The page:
Jane Cai, CFA, is the Beijing office head of the south-westward China Morning Post. She has been masking China's economic, financial, concern and political news since the advance 2000s." Cai" Hong Kong and mainland people's republic of china are the well-nigh vulnerable economies at danger of a financial crisis over the next three years as over 40 out of 60 economic indicators are causation alarm signals, including runaway property prices and high levels of private debt, accordant to an investment bank report. future markets are more at hazard of a financial crisis than developed countries and continent – excluding japanese archipelago – is the region about at risk, led by Hong Kong and mainland China, the Nomura written document said.
How Beijing and Hong Kong sent billionaire George Soros packing the last time he attacked Asian markets | South China Morning Post
History doesn’t retell itself, but it does rhyme, the American humorist Mark couple is often quoted as saying. So once have investor saint george Soros aforesaid fourth-year period that a hard-landing in the sinitic language scheme was “unavoidable” and that he was shorting Asian currencies, the country’s central bankers could be forgiven if they recalled the poetic department of justice of a hard-won financial battle 18 eld ago, when Hong Kong was the parcel of land and Soros was defeated. In 1998, Soros, whose aggressive medium of exchange trades were blamed for destroying the asiatic and Malaysian economies in the Asian commercial enterprise situation a year earlier, soured his attention to assaultive Hong Kong markets.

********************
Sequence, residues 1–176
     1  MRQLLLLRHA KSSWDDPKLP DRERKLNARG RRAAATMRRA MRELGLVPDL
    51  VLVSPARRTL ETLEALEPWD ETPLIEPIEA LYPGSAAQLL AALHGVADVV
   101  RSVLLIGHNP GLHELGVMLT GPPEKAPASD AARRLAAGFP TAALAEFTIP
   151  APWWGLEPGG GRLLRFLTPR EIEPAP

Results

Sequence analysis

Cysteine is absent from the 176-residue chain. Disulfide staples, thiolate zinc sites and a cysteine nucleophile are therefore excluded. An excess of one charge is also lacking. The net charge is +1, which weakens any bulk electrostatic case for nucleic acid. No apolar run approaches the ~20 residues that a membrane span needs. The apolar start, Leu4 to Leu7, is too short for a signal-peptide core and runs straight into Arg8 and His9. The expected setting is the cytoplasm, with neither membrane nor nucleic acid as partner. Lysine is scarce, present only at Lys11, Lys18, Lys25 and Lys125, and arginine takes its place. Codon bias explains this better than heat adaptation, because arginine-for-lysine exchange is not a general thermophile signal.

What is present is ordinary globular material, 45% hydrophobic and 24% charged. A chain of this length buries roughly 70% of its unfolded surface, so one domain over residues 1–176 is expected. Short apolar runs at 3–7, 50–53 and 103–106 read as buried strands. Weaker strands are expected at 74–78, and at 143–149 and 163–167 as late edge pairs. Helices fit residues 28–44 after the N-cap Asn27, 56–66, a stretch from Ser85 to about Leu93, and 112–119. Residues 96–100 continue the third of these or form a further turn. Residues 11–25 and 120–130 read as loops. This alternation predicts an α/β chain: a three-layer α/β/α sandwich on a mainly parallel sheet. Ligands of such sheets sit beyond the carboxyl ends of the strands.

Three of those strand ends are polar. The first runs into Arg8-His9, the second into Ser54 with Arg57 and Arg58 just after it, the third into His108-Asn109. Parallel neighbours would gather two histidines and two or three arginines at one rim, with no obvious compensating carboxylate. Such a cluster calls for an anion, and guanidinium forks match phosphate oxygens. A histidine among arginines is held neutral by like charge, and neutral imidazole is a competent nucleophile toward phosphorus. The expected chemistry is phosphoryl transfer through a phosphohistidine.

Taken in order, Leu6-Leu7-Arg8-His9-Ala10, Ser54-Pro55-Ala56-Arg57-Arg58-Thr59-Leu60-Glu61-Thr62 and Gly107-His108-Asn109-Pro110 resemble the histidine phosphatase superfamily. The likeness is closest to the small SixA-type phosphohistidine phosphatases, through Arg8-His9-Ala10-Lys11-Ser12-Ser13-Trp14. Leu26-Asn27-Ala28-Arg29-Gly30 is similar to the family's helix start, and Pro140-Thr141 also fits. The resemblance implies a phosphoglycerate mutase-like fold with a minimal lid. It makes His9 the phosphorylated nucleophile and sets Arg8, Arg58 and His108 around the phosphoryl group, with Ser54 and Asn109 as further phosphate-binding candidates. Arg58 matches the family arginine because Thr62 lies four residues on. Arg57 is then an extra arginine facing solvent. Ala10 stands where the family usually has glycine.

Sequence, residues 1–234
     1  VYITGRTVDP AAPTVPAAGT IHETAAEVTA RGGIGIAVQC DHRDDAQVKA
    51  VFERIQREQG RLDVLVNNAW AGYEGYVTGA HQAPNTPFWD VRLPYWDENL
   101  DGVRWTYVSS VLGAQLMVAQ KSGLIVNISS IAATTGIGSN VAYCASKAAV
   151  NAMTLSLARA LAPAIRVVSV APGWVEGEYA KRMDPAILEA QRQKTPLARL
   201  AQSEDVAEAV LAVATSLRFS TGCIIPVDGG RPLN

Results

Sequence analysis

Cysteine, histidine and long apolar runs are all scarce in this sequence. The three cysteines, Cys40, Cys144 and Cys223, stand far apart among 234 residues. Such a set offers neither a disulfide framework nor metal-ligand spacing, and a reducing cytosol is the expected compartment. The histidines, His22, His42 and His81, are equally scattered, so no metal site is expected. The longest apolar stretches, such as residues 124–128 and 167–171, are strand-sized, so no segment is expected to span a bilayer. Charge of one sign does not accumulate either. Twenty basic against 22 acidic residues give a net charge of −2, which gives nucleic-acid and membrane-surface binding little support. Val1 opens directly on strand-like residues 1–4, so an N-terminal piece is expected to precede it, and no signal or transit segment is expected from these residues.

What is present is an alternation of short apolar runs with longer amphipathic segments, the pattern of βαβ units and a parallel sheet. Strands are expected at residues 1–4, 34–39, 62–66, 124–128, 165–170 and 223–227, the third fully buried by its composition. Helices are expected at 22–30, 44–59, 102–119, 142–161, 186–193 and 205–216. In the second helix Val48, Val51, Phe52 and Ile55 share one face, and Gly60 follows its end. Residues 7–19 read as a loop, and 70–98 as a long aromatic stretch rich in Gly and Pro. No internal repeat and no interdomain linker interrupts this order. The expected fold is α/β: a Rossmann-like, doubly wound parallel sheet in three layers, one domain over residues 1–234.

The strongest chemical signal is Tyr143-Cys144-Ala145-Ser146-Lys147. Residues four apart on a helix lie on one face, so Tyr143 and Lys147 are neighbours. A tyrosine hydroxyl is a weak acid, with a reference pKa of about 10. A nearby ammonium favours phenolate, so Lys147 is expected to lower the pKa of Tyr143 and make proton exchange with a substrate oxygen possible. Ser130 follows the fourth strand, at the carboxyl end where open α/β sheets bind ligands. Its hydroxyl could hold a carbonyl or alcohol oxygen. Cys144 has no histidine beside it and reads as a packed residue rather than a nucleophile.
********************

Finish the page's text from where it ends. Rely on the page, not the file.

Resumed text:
Homeless in Hong Kong: soaring costs fuel housing crisis in Asian financial hub - AOL News
HONG KONG (Reuters) - Cheung Muk-gun's housing is an illegal, wooden dwell under a main road in one of the pitiable areas of Hong Kong, wherever sky-high property prices and a yawning material possession gap rich person helped furnish a surge in homelessness. The 72-year-old earns about HK$10,000 ($1,279) a month operative seven days a period of time at a frozen centre store in the working-class territory of Mong Kok, a shortened trip intersecting port Harbour from the city's opulent financial center. With property prices up 200 percent in the past decade, and a bed in a tiny, windowless apartment - often divided up with else tenants - going for roughly HK$2,000 a month, Cheung aforesaid he preferred to live in his shack.